Ray Stedman "The devil has not been eliminated, but the devil has been rendered impotent. Not to everyone! Not to everyone! Only under certain conditions is this true, but those conditions are available to all men in Jesus Christ. That is what he is saying. When we enter into the conditions we discover that what he says is thrillingly true: there is a freeing from lifelong bondage. The devil does not have the power of death in the sense of determining who dies and when life shall end. Only God has that power. But the phrase, "the power of death" means the grip of death, its fearsomeness, its terrible quality. Bondage therefore is that of the reign of sin, the flesh. This is what Paul means in Romans 8 when he says, To set the mind on the flesh is death (v. 6). Death is the absence of life. Death is not something in itself, it is simply the absence of something. (The True Man | Heb 2:5-18)
Spurgeon - That, through dying, he might overthrow Satan’s power for all who trust him. By his own death, Christ broke that evil power which brought death into the world with its long trail of woe. He did this, not by his example, not even by his life, but by his death. Therefore let those who speak slightingly of his atoning sacrifice see their folly, for it is through death that Christ destroys “him that had the power of death, that is, the devil“ (Spurgeon's Expositional Commentary on Hebrews)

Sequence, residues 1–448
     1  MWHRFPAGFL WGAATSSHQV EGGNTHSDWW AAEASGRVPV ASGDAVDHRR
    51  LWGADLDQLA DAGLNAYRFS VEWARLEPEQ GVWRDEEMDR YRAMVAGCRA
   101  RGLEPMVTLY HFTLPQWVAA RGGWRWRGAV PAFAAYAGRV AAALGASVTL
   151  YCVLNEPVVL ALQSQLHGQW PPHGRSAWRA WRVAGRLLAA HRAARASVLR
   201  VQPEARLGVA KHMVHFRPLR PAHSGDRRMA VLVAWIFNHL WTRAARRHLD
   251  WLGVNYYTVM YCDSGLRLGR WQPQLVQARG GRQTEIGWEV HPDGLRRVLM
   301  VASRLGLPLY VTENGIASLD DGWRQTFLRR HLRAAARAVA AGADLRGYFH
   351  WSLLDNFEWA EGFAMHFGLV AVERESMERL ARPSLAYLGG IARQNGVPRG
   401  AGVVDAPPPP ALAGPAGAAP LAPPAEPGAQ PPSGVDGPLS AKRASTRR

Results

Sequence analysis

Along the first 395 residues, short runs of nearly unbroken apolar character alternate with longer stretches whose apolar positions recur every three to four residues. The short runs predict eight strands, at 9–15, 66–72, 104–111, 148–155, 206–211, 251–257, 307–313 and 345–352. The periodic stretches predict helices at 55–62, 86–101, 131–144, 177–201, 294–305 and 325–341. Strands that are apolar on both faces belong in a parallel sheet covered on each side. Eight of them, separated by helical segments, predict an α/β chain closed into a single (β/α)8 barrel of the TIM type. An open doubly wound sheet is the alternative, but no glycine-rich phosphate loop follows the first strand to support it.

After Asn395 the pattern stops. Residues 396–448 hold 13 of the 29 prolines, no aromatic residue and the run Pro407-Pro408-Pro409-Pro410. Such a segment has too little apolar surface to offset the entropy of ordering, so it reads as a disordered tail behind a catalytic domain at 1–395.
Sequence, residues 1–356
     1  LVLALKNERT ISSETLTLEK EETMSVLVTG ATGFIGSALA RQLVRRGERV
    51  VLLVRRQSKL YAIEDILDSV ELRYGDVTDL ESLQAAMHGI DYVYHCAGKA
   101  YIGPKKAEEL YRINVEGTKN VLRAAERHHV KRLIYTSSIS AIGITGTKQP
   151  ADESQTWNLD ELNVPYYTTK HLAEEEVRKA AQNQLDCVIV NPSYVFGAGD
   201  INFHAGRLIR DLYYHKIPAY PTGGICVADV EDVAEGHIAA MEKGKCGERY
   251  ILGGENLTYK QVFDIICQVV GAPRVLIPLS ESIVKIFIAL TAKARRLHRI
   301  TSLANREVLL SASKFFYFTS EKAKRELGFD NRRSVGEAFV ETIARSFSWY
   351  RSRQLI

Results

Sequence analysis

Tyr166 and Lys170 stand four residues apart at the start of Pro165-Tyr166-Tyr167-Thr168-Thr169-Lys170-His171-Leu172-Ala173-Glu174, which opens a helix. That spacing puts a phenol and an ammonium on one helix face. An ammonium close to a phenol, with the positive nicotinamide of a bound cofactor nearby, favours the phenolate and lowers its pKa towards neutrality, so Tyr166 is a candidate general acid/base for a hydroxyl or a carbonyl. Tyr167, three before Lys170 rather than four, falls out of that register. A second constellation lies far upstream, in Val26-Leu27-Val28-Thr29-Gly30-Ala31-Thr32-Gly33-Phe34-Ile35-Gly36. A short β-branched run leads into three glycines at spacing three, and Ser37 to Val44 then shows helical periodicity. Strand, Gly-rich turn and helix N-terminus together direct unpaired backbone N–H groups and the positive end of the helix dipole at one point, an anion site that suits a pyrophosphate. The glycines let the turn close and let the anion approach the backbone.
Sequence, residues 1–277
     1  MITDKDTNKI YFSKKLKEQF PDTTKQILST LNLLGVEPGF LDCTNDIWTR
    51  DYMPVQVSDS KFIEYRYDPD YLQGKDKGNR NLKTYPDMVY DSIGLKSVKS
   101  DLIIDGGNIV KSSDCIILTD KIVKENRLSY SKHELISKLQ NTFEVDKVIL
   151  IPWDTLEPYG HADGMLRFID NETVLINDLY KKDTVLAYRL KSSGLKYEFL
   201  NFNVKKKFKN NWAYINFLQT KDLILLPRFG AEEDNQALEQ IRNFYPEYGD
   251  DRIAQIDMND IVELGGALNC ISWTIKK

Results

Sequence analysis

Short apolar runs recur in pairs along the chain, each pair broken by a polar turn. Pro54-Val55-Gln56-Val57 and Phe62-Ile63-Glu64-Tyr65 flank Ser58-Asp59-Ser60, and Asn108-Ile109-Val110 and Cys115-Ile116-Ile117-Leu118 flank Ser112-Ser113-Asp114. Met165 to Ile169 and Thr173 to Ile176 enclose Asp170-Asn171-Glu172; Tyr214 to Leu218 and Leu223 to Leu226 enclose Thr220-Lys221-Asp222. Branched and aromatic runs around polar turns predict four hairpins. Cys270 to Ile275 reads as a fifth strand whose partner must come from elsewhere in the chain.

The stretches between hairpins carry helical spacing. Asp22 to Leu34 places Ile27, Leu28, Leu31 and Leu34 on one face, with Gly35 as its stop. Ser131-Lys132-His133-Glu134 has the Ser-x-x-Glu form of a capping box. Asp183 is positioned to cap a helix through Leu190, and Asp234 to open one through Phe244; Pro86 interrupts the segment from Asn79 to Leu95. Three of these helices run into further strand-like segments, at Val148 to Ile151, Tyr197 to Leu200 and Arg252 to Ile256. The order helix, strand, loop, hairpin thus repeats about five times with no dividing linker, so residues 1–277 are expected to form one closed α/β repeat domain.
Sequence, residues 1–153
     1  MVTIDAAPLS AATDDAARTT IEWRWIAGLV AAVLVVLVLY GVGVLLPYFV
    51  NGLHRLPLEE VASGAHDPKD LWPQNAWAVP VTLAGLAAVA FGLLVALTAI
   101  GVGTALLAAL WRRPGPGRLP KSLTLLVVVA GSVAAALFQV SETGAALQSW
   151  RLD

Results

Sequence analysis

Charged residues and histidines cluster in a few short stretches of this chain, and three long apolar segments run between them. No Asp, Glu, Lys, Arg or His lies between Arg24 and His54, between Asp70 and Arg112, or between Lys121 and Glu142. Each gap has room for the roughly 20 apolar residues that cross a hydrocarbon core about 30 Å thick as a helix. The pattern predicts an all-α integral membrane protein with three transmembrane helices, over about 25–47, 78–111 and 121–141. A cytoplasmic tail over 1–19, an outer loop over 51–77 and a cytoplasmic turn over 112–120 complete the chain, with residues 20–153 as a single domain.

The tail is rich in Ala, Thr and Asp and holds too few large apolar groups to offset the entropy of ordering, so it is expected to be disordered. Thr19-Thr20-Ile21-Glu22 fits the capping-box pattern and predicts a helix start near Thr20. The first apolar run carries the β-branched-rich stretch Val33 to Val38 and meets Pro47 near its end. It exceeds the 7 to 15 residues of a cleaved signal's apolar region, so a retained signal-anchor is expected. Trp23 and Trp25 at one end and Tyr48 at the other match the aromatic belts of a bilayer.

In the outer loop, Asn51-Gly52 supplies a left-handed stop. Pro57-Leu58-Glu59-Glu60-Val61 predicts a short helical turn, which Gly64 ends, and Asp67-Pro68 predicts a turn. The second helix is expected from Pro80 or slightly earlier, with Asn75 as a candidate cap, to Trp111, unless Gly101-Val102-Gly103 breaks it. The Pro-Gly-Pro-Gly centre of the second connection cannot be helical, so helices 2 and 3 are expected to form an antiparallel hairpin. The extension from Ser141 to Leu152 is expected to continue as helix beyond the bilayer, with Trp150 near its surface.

John MacArthur explains that "We by nature are flesh and blood; Christ was not. Yet He willingly took hold of something which did not naturally belong to Him. He added to Himself our nature in order that He might die in our place, and that we might take hold of the divine nature that did not belong to us (cf. 2 Pet. 1:4). The only way to destroy Satan was to rob him of his weapon, death--physical death, spiritual death, eternal death. Satan knew that God required death for us because of sin. Death had become the most certain fact of life. Satan knew that man, if they remained as they were, would die and go out of God's presence into hell forever. Satan wants to hold onto men until they die, because once they are dead the opportunity for salvation is gone forever. Men cannot escape after death. So God had to wrest from Satan the power of death. And for just that purpose Jesus came. If you have a more powerful weapon than your enemy, his weapon becomes useless. You cannot fight against a machine gun with a bow and arrow. Satan's weapon is extremely powerful. But God has a weapon even more powerful--eternal life--and with it Jesus destroyed death. The way to eternal life is through resurrection, but the way to resurrection is through death. So Jesus had to experience death before He could be resurrected and thereby give us life. Jesus' dying destroyed death. How? He went into death, through death, and came out on the other side, thereby conquering it. Then He could say, "Because I live, you shall live also" (John 14:19). The resurrection of Jesus Christ provides the believer with eternal life. It is the only thing that could ever have done it. Death is the power of Satan's dominion, and when Jesus shattered Satan's power He also shattered his dominion. (See context in Hebrews Commentary)